With public hearings subject to delays and a community petition to prevent annexation in the works, few things are certain about Billy Sapp’s proposed developments.
Two things are certain, though; a public hearing on the developments’ zoning will be held Thursday at the city’s Planning and Zoning Commission meeting, and the Columbia City Council will hold a Jan. 18 public hearing on the proposed annexation and zoning of the land, which if approved would mark the largest voluntary annexation in Columbia’s history.
In a report last week, city planners recommended approval of the permanent zoning requests for the nearly 1,000 acres of land located east of Columbia on the north and south sides of Route WW.
“The staff has spent a fair amount of time looking at the proposals, has done a lot of research on what the ground looks like,” said Bill Watkins, assistant city manager. “I’m hopeful that (the commission and City Council) would take a look at what staff’s written and give it a lot of credibility and weight.”
The Planning and Zoning Commission could make a recommendation to the City Council, though it’s possible the zoning request could be tabled. If all the hearings go as scheduled, the council could take final action Feb. 7.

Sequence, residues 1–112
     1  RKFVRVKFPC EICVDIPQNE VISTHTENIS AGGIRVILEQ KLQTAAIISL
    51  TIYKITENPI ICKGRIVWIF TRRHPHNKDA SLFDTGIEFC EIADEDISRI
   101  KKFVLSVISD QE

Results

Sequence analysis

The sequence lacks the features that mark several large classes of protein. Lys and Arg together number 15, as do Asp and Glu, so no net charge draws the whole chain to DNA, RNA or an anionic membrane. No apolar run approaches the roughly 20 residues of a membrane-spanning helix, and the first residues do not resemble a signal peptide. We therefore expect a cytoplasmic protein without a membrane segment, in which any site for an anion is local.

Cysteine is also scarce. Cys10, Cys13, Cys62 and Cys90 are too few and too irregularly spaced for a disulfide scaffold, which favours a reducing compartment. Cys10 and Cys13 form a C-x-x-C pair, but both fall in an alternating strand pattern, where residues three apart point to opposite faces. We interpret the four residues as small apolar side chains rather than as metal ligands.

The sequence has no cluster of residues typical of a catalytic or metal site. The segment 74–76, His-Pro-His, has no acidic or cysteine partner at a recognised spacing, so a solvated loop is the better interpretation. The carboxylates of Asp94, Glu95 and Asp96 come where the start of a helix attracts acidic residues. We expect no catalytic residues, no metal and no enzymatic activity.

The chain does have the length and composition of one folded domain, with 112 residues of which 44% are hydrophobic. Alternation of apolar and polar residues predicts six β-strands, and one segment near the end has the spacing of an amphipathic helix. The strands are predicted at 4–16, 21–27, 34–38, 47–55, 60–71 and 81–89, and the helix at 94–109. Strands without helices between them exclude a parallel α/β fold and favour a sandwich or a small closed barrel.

Sapp has proposed a mix of residential and commercial uses for the land, including a 209-acre golf course. Although city planners have recommended approval of the entire request, they want to limit the types of commercial uses allowed.
“We thought that should be scaled down to C-1, which is more of a neighborhood type of commercial district,” said Chuck Bondra, a senior planner who will present the report at Thursday’s meeting.
In response to the report, the developer agreed to eliminate some commercial uses such as adult entertainment and auto dealerships, Sapp spokesman Don Stamper said.
A group of residents who live near the proposed developments is petitioning to stop the voluntary annexation. Harg Area Residents for Responsible Growth needs to collect signatures from 2 percent of qualified Columbia voters, about 1,500 people. Member Renee Richmond said the group has collected nearly 2,000 signatures and is continuing to gather support this weekend at the Columbia Public Library and the downtown post office.
Richmond said she wants to collect at least 2,500 signatures in case any are found to be invalid.
The petition is due 14 days after the first public hearing before the City Council. If a valid petition is turned in by the deadline, then the developer would have to begin the application process again and seek involuntary annexation. However, the standards for involuntary annexation require that 15 percent of the land border the city, a guideline that Sapp does not meet.
“We’re not trying to force an involuntary annexation,” Richmond said. “That is up to the City Council and Mr. Sapp whether they pursue that. But what we’d like to see is that it remain a county development because with a county development it would be less dense.”
Stamper, however, contends that the developments, which will have no more than an average of two units per acre, are not dense.